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There are 340 miles of dirt roads, unstable ground, sand and some pavement scattered throughout that make up the terrain of The Speed Project 3.0, a six-member relay race that starts at the Santa Monica Pier in California and ends at the “Welcome To Las Vegas” sign in Nevada. This two-day unsupported and largely unmarked race, which also at times involves jumping over some wire fences, has never been attempted by an all-female team before, but in an effort to spread the message that “amazing things happen when women work together,” Oiselle has assembled a hybrid team of amateurs and professionals from their community to tackle the course. The support crew and coaches that will be accompanying the Oiselle team are all women, too.
This year’s race will start at 5 a.m. on Friday, March 10 and end on Sunday, March 12. I caught up with Oiselle CEO and Founder Sally Bergesen to find out why they wanted to put together this team and learn a little bit more about each of the runners.
What made Oiselle decide to put together an all-female team for this particular event?
Bergesen: We’ve always been interested in women charting new territory. We think this race is a great opportunity to show women’s skills and ability, both individually and as a team, on a new stage. We might even beat some boys!
How did you choose the team of women?
Bergesen: The team and crew are a hybrid of amateurs and professionals from the Oiselle community. We have many women on our Volée non-professional team who have incredible stories, run inspired races, and are committed to the community and sport. We wanted to give many of them the spotlight and a chance to do something big. They’ll be running alongside Collier Lawrence, a Oiselle elite who specializes in the steeple-chase. It will be fun to see Collier try out a new distance and event. Additionally, ultra-marathoner and Oiselle pro Devon Yanko will be on the team, bringing her experience and wisdom to the group.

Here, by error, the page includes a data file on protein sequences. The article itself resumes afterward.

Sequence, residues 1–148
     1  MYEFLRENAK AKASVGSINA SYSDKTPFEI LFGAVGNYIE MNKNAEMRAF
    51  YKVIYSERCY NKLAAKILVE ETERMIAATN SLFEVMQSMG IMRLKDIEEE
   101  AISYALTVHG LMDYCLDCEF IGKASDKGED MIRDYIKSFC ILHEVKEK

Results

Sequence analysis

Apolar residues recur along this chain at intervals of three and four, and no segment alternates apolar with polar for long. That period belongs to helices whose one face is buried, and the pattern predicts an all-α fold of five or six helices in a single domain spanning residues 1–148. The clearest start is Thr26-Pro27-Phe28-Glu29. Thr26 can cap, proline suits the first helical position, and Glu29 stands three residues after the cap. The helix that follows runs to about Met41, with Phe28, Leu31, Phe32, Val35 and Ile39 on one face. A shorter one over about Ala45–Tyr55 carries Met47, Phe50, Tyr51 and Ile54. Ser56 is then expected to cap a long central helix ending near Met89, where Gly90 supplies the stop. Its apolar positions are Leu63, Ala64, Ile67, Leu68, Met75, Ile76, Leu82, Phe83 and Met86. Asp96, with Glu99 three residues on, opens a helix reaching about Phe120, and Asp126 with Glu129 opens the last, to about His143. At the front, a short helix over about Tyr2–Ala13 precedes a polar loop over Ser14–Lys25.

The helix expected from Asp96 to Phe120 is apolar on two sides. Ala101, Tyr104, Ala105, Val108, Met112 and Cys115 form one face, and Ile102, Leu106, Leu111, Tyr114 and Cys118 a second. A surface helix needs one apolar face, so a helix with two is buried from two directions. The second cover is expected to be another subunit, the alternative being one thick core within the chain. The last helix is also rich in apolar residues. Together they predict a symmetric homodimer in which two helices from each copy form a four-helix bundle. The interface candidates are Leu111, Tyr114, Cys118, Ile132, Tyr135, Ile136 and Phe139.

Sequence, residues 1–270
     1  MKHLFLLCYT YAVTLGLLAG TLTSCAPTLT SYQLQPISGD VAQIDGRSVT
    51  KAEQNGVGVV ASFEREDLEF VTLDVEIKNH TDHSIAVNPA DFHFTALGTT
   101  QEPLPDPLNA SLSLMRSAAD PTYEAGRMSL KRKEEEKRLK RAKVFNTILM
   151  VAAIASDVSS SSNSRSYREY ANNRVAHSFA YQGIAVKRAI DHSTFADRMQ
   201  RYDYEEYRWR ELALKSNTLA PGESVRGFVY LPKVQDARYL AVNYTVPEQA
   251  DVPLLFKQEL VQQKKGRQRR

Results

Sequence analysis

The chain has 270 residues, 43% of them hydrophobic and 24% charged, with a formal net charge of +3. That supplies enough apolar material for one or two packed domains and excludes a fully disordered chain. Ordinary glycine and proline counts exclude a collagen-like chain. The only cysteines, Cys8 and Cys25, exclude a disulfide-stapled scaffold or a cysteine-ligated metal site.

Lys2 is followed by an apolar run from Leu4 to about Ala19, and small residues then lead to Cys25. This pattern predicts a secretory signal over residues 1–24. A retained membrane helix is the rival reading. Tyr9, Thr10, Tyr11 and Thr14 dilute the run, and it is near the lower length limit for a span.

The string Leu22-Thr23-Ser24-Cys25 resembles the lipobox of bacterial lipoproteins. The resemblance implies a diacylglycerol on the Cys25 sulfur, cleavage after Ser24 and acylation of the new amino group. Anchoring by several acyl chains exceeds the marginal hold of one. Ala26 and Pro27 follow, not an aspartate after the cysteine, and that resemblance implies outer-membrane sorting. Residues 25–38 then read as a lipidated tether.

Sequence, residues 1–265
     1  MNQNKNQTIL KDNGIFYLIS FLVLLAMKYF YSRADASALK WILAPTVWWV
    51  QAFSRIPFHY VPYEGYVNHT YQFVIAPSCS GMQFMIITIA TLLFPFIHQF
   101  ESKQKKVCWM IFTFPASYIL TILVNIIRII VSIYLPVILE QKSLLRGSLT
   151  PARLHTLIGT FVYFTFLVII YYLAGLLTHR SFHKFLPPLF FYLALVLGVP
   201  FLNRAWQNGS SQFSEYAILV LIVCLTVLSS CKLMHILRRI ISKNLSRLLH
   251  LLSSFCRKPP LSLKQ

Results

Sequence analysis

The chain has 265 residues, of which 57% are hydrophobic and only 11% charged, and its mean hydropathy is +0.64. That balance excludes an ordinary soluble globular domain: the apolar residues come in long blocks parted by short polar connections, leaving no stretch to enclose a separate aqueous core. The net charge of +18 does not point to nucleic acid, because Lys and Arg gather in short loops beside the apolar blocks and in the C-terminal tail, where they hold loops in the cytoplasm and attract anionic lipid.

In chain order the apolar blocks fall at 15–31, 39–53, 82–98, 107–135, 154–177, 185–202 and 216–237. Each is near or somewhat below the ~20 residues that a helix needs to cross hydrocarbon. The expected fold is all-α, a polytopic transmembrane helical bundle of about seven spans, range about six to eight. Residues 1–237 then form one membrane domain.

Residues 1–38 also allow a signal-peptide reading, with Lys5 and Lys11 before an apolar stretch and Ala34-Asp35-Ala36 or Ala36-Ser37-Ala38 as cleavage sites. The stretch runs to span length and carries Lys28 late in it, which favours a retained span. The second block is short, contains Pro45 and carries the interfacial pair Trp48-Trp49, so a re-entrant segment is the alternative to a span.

How did you choose the crew?
Bergesen: Races like this are won as a team, and the crew is just as critical as the individuals on the course. The crew is its own amazing group of women, all of whom are capable of running this distance, but have instead chosen to be in a supporting role for this race. The group includes Oiselle pro Lauren Fleshman, two time USA 5K champion, who felt strongly that she wanted to be in a supporting role for a race like this. There’s a sense of reciprocity amongst the group where everyone is eager to show up for each other and return the support they’ve felt from the community over their years of running and racing.
What’s one message that Oiselle wants to give its community and customers based on this particular event?
Bergesen: We want to show the magic that happens when women work together. This course, with so many variables and unknowns, is a great place to witness the magic of cooperation and competition. When women work together, anything is possible.
Who are the six women of “The Bird Strike” team who have decided to tackle this task? Let’s learn a little more about each of them.
Devon runs roads, trails and mountains from 5K to 100 miles. She has run more than 30 marathons and more than 30 ultra marathons since 2006. Among her many racing highlights include coming in third at the 2016 Western States 100-miler. Her diet includes coffee, sweet potatoes, Brussels sprouts and steak. Her training philosophy is “The journey is the goal.” Devon is always up for a challenge, so whenThe Speed Project 3.0 came up, she thought, Well, I’ve never done that before! While I have run that far unsupported, I have never done it in a race in this way.